Frontiers 187: The Permanent Fund - Alaska’s Golden Goose
These days the Alaska Permanent Fund seems to be a permanent source of angst. Debates over the amount of the dividend and the use of the earnings to pay for state government keep the pot boiling.
Not that we aim to add fuel to the fire on this week’s Frontiers program, but we thought this is a good time to take a step back and look at what this uniquely Alaskan institution provides for the state.
Despite all the political tensions in the backdrop, there’s still an air of excitement in October. The extra shot of cash makes the Alaskan pursuit of happiness full of promise.
Many have likened the Permanent Fund to that proverbial goose with the golden eggs, which has yielded a steady supply since 1982 – a cumulative $25 billion in dividends, money that’s changed the state in some surprising ways.
We’ll look at some of the long-term and short-term impacts of the fund – as well as the growing fear that state policies have put Alaska’s golden egg producer in mortal danger.
Here are some of this week’s highlights:
- The golden eggs: A visit to the popular Fire Island Bakery in downtown Anchorage to find out how Alaskans are spending their PFD’s. We also visit with Mouhcine Guettabe, an economist at the Institute of Economic and Social Research, to see how this annual windfall helps the state in some surprising ways.
- Permanent Fund Defenders: We hear from two leaders of this group, Dr. Jack Hickel and Former Senate President Rick Halford. Their mission: to protect the fund through an amendment to the state constitution. For more on this subject, check out our Frontiers Web Extra interview.
The Permanent Fund Defenders argue that the best protection for the fund is a full dividend, based on the traditional formula. Had that been the case this year, Alaskans would have received a PFD of about $3,000.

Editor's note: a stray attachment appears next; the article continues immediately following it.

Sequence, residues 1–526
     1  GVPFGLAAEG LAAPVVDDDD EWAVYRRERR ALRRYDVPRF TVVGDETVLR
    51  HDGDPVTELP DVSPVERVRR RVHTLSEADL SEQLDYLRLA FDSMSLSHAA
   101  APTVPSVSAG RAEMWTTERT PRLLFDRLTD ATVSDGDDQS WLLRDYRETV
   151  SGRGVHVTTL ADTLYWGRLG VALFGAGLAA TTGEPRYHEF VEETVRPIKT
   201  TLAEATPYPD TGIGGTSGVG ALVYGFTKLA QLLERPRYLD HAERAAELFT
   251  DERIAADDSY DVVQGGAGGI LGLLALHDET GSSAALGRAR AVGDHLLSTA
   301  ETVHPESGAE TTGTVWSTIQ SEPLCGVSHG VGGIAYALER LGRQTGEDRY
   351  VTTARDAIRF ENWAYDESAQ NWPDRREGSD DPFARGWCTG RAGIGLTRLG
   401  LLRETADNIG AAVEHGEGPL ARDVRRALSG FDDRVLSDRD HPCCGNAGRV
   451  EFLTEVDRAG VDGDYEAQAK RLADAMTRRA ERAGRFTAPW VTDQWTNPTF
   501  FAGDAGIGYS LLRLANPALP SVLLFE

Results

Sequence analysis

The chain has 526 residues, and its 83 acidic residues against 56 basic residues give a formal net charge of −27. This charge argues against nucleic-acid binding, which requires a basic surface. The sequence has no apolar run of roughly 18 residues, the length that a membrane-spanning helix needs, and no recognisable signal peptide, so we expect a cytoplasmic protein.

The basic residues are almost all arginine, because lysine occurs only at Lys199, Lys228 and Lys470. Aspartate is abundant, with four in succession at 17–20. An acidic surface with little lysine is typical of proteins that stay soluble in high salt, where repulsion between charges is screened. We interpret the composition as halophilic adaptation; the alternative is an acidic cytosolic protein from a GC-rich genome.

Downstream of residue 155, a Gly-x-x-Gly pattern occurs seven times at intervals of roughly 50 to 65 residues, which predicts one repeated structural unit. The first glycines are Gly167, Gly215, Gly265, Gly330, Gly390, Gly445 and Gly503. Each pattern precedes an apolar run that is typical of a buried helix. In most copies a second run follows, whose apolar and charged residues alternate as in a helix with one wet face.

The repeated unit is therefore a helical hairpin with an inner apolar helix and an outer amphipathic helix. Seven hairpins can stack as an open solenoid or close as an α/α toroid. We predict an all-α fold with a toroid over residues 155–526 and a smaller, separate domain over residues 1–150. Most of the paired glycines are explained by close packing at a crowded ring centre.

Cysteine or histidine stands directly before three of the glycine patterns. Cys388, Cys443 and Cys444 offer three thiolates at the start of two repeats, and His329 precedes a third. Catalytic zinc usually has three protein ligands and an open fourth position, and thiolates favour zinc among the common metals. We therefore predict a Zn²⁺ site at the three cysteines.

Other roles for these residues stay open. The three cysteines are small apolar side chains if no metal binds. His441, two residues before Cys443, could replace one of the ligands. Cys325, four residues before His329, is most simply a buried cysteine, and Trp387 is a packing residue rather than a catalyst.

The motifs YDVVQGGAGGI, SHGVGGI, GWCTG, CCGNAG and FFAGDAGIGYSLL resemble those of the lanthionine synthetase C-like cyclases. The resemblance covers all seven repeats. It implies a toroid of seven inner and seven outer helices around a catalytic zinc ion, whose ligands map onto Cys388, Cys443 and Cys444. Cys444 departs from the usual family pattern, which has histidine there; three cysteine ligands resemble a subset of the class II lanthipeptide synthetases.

Others say we need to cut the dividend to save the dividend – to prevent a raid on the corpus of the fund, when the state completely runs out of money.
In this week’s program, we gave the Defenders the lion’s share of the time. In the past, we’ve heard more from other perspectives, such as those who feel it makes no sense to pay huge dividends in the face of massive cuts to state services, especially those that serve the most vulnerable – so consider this another installment in an ongoing conversation on the Permanent Fund. In the future, I’d like to do a show which looks at the efforts of the legislature’s Bicameral Permanent Fund Working Group. This group of lawmakers is taking a methodical look at the history of the fund to guide us towards what we hope will be wise choices.
When we look back to the days when the state constitution was written -- and later, during the battle to create the Permanent Fund, we were lucky to have so many leaders who tried to look 20, 30, 40 years into the future and not just the next election.
It would be quite a thing indeed, if 25, 50 years down the road, the Permanent Fund still paid dividends – along with a sense of sanity and predictability restored to Alaska’s budget process.
Here are some links to some previous Frontiers episodes on the Permanent Fund and the dividend.
Copyright 2019 KTVA. All rights reserved.